10 must-see movies from Hong Kong Asian Film Festival 2020, from Hand Rolled Cigarette to There Is No Evil
- The festival includes a section dedicated to documentaries from the front lines of the coronavirus outbreak in Wuhan
- There will also be comedies, romances and thrillers among the 50 films from 16 Asian countries
The coronavirus pandemic has battered many industries around the world, and the film industry is no exception. Major studios around the world have withdrawn their big ticket blockbusters from the schedule, exhibitors are on the ropes, and even the festival circuit has been left in tatters.
Cinephiles should be delighted, therefore, that this year’s Hong Kong Asian Film Festival is going ahead as scheduled, kicking off its 17th edition on November 3 with more than 50 new films hailing from 16 different countries around the region.
Unsurprisingly, Covid-19 and its related dramas feature prominently in this year’s selections, not least in the “Tales From the Epicentre” sidebar, a selection of documentaries featuring first-hand accounts of life on the front lines of the emerging outbreak in the mainland city of Wuhan.
More broadly, sections titled “Bruised Youth” and “United, We Stand” feature stories about people recovering from traumatic experiences in various guises, and finding strength in one another during moments of weakness and struggle.
It’s not all doom and gloom, however, as the line-up also includes its fair share of quirky comedies, impassioned romances, and edge-of-your-seat thrillers. New works from established auteurs like Jia Zhangke and Naomi Kawase sit side-by-side with some of Hong Kong’s brightest young talents.
Global travel restrictions mean that many of this year’s filmmakers are unable to attend their screenings, but the organisers promise that a number of virtual post-screening Q&As will be taking place. Here are just 10 highlights (of 11 films, actually) that we are excited about at this year’s event:
1. Hand Rolled Cigarette
2. Tokyo Olympiad
Kon Ichikawa’s mesmerising documentary returns in a sparkling new restoration, the same year the city was forced to postpone its hosting of the same event due to the coronavirus pandemic. Commissioned to capture the Tokyo 1964 Olympics, an event that saw a new modernised Japan take to the world stage for the first time since the end of World War II, Ichikawa’s film instead becomes a universal celebration of the human body and its athletic accomplishments.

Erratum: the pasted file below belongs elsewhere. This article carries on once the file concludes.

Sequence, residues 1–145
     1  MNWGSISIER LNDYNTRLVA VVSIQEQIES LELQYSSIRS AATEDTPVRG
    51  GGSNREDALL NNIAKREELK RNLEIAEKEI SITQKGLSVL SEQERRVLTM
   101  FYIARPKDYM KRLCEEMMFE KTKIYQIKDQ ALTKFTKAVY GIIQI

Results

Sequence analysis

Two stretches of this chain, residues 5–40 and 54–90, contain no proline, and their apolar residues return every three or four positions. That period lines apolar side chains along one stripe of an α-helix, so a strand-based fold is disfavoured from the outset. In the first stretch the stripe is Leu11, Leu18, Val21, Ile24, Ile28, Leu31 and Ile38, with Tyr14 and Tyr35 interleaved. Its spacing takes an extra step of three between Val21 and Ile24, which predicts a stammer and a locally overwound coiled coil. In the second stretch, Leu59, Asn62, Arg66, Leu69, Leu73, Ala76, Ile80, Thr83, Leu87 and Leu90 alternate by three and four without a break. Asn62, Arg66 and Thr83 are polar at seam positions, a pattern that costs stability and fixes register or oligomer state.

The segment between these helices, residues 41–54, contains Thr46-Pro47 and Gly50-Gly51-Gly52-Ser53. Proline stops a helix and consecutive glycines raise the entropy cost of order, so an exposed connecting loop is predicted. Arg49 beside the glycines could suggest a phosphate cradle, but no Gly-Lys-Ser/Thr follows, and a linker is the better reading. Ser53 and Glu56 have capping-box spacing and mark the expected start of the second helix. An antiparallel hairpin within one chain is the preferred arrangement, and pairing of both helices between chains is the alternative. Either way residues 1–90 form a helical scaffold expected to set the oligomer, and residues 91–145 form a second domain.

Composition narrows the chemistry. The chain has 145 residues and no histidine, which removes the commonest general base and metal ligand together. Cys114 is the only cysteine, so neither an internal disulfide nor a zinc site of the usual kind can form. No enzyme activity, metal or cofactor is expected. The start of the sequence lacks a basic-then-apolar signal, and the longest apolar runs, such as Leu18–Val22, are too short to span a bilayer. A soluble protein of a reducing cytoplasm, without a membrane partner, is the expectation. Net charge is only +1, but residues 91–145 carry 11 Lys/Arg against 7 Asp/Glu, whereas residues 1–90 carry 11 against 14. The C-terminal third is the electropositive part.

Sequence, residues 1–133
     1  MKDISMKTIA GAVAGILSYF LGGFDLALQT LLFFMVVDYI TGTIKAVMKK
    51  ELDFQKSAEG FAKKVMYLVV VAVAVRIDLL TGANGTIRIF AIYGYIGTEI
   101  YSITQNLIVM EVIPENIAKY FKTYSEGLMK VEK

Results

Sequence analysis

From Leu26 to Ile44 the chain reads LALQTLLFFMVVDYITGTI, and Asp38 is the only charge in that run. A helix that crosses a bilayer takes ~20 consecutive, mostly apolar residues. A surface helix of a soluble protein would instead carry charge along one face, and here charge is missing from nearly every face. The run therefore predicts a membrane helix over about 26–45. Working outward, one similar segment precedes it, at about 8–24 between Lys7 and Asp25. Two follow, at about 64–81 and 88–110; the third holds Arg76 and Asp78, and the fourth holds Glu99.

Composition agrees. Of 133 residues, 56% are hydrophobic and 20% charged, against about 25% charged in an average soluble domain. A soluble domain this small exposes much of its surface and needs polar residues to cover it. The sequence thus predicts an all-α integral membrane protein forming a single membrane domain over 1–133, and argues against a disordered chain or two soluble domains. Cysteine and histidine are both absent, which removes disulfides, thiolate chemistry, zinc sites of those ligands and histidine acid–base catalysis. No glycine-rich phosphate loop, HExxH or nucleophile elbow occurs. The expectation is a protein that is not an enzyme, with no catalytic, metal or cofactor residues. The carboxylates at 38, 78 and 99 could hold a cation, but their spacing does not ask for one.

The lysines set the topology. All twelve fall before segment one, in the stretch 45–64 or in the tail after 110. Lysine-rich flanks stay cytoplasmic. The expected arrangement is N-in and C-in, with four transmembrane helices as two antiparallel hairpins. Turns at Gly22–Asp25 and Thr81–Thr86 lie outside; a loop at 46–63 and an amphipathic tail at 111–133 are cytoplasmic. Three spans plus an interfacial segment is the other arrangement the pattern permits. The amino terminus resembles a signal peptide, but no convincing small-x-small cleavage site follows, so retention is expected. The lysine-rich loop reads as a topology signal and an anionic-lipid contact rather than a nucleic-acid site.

3. True Mothers
4. There Is No Evil
One of the most shocking and bizarre murder cases in recent memory, the assassination of Kim Jong-nam, older half-brother of North Korean leader Kim Jung-un, at Kuala Lumpur International Airport, is investigated in Ryan White’s chilling new documentary. The case confounded the world, not least because the two waitresses charged with Kim’s murder, Doan Thi Huong and Siti Aisyah, believed they were taking part in a prank for a reality TV show.
6. Mishima: The Last Debate
On 13 May 1969, Yukio Mishima, prolific author and founder of the radical right-wing Tatenokai militia, accepted an invitation from the University of Tokyo to debate students from the left-wing Zenkyoto protest movement. Toyoshima Keisuke’s documentary includes newly restored footage from that battle of words and ideas, as well as new interviews with surviving attendees, who witnessed an idealistically opposed, yet impressively civilised discussion of politics, philosophy and the fate of their nation.
7. I WeirDO
An oddball love story that seems tailor-made for the Covid-19 era, first-time director Liao Ming-yi’s quirky romance follows a pair of lonely germ-obsessed outsiders, who discover one another on a Taipei subway train, both clad head-to-toe in PPE. Shot on iPhones in vibrant dayglo colours, and fuelled by a charming, offbeat sensibility, I WeirDO is just the kind of life-affirming tale of unlikely love that we all need right now.
8. Coronation / 76 Days
This year’s “Tales from the Epicentre” sidebar features a selection of controversial documentaries exploring how the city of Wuhan has survived the pandemic. Ai Weiwei’s Coronation mines more than 500 hours of footage captured by ordinary Wuhan citizens, as their home city was forced into lockdown.
Meanwhile 76 Days, shot guerilla-style without official permission, documents the work of dedicated medical professionals working in four different hospitals, as they battled with the new and as-yet unknown contagion.
9. Gwangju Video: The Missing
Gwangju filmmaker Lee Jo-hoon stumbled upon a startling conspiracy as he went about assembling footage for a planned documentary to commemorate the 40th anniversary of the infamous Gwangju Video. He discovered that all footage from the four hours between 1pm and 5pm on 21 May 1980 was missing, the exact time when the military opened fire on protesting students. Lee’s fascinating film asks what exactly happened during those hours, where is the footage now, and who was responsible for its complete erasure?
10. One Second Champion